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Ask Rufus: The homeland

 

On the bank of Tibbee Creek, which is the traditional boundary line between the Choctaw and Chickasaw nations, representatives of both nations work together to preserve history and culture. From left, Dr. Brad Lieb, cultural resources specialist for the Chickasaw Nation; Dr. Ian Thompson, tribal historic preservation officer for the Choctaw Nation of Oklahoma; Ryan Spring, GIS/GPS specialist with the Choctaw Nation of Oklahoma; and William Wente, pottery expert and cartographer.

On the bank of Tibbee Creek, which is the traditional boundary line between the Choctaw and Chickasaw nations, representatives of both nations work together to preserve history and culture. From left, Dr. Brad Lieb, cultural resources specialist for the Chickasaw Nation; Dr. Ian Thompson, tribal historic preservation officer for the Choctaw Nation of Oklahoma; Ryan Spring, GIS/GPS specialist with the Choctaw Nation of Oklahoma; and William Wente, pottery expert and cartographer. Photo by: Courtesy photo

 

Tibbee Lake near West Point hauntingly recalls a Chickasaw legend about its creation.

 

Rufus Ward

 

This past week has been a most interesting one. I had the pleasure of having four houseguests who are working on a historic sites study for the Choctaw and Chickasaw Nations of Oklahoma. They were in Mississippi locating and visiting historic Native American sites in east Mississippi. Their quest ranged from attempting to locate the site of the early 1800s Choctaw Council House on the Noxubee River, to visiting the scene of a Chickasaw legend at Tibbee Lake, to reviewing John Pitchlynn's estate records in the Billups-Garth Archives of the Columbus Lowndes Public Library.  

 

Wednesday was a day to journey to Tibbee Creek, Tibbee Lake and the Mayhew Choctaw Mission site. All are located south of West Point and between Columbus and Starkville. Traveling west on the "Old West Point Road" from Columbus brought visions of another time to mind. That part of the road south of Tibbee Creek closely followers the route of the old 1820s Columbus to Mayhew Mission Road. Though only remnants of the original prairie along the route remain, it is easy to imagine just how even more beautiful that countryside must have been when it was the home of the Choctaw.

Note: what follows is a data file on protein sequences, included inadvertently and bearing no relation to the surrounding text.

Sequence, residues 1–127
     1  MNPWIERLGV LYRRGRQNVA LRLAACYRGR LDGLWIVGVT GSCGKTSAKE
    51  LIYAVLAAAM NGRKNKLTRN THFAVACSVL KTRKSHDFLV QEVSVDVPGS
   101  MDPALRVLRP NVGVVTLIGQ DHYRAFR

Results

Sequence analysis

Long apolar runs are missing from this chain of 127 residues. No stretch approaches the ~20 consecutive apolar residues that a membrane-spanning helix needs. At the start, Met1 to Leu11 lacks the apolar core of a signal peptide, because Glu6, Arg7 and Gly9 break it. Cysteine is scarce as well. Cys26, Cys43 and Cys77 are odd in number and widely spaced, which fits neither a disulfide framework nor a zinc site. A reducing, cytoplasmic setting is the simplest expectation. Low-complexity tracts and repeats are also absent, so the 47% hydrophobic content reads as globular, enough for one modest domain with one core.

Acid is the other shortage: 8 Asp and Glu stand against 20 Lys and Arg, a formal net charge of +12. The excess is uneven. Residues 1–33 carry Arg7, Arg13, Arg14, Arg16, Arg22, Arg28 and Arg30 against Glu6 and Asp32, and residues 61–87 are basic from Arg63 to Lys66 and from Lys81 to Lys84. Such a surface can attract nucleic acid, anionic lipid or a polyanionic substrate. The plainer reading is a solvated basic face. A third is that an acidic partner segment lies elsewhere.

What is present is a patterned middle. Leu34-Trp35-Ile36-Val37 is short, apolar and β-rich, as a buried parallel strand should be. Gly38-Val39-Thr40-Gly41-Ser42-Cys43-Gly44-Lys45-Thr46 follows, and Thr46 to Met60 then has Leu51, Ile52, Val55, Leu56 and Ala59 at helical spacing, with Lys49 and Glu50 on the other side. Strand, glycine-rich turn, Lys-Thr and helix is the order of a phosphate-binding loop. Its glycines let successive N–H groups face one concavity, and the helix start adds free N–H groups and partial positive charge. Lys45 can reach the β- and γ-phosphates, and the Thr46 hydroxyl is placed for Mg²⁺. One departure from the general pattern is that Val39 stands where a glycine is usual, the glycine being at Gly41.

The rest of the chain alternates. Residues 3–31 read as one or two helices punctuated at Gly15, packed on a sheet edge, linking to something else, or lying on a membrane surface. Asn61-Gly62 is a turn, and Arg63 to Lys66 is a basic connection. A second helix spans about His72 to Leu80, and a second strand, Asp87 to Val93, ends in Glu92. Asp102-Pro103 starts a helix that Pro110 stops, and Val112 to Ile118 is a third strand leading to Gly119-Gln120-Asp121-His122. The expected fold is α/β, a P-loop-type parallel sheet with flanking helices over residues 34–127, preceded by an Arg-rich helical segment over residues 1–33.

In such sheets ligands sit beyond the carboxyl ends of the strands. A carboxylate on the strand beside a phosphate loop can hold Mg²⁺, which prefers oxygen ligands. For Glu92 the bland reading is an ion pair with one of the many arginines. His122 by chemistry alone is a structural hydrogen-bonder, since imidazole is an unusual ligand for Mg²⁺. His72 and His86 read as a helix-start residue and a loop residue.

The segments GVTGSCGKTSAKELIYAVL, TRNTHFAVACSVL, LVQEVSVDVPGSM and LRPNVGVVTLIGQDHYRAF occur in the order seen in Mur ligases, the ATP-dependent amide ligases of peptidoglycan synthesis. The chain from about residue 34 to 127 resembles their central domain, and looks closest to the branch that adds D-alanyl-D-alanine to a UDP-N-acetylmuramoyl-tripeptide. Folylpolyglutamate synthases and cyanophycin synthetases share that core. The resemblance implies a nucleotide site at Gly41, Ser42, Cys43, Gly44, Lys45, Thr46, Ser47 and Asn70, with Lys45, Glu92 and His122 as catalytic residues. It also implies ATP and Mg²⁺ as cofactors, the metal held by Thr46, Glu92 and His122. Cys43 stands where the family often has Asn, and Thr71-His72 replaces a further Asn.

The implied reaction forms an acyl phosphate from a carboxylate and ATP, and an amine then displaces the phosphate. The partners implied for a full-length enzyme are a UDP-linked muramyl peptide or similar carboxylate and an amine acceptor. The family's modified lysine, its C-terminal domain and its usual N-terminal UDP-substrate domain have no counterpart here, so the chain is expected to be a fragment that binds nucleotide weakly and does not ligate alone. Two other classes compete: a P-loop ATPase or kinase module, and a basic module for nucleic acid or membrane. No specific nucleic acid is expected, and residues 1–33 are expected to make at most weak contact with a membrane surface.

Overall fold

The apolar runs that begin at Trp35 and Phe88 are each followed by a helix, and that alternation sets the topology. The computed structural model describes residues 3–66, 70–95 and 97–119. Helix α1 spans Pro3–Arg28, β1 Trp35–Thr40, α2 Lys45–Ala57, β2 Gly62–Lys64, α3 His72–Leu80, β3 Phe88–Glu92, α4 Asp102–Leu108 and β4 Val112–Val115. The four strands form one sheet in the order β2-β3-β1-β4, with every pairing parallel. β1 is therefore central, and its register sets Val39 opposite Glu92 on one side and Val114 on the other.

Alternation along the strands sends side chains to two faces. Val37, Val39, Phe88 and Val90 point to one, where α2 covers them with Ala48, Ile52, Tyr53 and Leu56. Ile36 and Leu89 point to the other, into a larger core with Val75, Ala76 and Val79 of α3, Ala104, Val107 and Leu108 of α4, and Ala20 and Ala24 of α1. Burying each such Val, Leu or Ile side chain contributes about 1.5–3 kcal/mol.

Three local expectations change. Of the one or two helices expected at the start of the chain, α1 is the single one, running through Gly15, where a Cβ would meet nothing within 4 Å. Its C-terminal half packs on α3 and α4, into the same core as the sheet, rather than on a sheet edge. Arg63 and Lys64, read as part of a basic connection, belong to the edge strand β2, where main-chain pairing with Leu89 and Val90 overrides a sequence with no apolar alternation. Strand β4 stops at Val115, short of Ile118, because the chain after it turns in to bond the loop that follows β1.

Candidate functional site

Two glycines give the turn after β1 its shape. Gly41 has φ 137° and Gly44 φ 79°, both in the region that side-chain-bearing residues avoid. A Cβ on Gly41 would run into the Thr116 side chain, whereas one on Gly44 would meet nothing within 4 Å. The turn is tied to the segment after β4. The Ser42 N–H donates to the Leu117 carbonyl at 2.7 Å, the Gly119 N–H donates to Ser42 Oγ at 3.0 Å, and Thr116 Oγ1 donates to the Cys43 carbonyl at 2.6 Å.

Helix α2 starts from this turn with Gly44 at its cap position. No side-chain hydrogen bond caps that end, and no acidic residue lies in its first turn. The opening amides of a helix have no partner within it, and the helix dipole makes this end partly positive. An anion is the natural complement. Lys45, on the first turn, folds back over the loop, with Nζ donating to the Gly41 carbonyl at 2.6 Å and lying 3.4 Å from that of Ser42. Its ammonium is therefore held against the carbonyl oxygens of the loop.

In April 1822, William Goodwell traveled the same route and wrote a letter describing the countryside: 

 

"As you approach it (Mayhew Mission) from the east, there opens unexpectedly to view an extensive prairie...which appears to be without a single stone, or tree, or fence, except now and then a small cluster of trees at great distances, like the little isles of the sea...the grass, which will soon be eight feet high, is now about eight inches...As you proceed, Mayhew often almost wholly disappears; again it rises to view in still greater loveliness, half encircled with the oak, which, with the sycamore, and mulberry, borders the prairie on all sides. Flowers of red, purple, yellow, and indeed of every hue, are scattered, by a bountiful God, in rich profusion, and in all the beauty and innocence of Eden, on each side of the path." 

 

At Tibbee Creek we stopped and walked along the bank recalling that it was the traditional boundary line between the Choctaw and Chickasaw Nations. Once again representatives of the two Nations stood together on the banks of the creek and talked of ancient traditions. 

 

A couple of miles down a gravel road from Tibbee Creek we stopped and gazed upon Tibbee Lake. Although it is near the creek it appears to be an oxbow remnant of some prehistoric stream not only larger than Tibbee but once larger even than the Tombigbee. As would be fitting for such a strange lake there is a Chickasaw legend about its formation.  

 

The story as recorded by E.T. Winston in 1931 tells of how in the distant past a Chickasaw family once camped by a fallen tree in Tibbee swamp. In the early morning the mother and father departed to search for game or other food while leaving their young son and daughter at the camp site. Upon returning in the afternoon the parents were horrified to find the ground around their campsite had caved in forming a huge lake. There where the lake covered the fallen tree and the place where their children had been left were together swimming two huge snakes. In fear of the cataclysm that had occurred and apparently turned their children into serpents the horrified parents fled and the lake was "shunned" from that day. 

 

Located a few miles west of Tibbee Lake, the cemetery at the Mayhew Choctaw Mission site more than anywhere else in the area speaks of times past. There, headstones dating to the early 1820s do not say "died in Mississippi" or even the United States. They say died in C. N. or Choctaw Nation. It is a beautiful site on a ridge overlooking Tibbee bottom. Earlier in the week we visited the Pitchlynn family cemetery at the old Town of Plymouth across the Tombigbee from Columbus. There in the woods the only signs of a once bustling town were a few scattered bricks, jonquils still arising in former gardens and three headstones in the cemetery. But at the cemetery there were signs of many other graves and of vandalism and missing headstones. It is a sad commentary on present day society. 

 

In the scale of time it was but a blink of an eye that where we live today was the home of the Choctaw and Chickasaw Nations. It is their homeland and as its custodians we have an obligation to try and preserve its sacred sites just as we hope future generations will preserve the cemeteries wherein our loved ones rest.

 

Rufus Ward is a Columbus native a local historian. E-mail your questions about local history to Rufus at rufushistory@aol.com.

 

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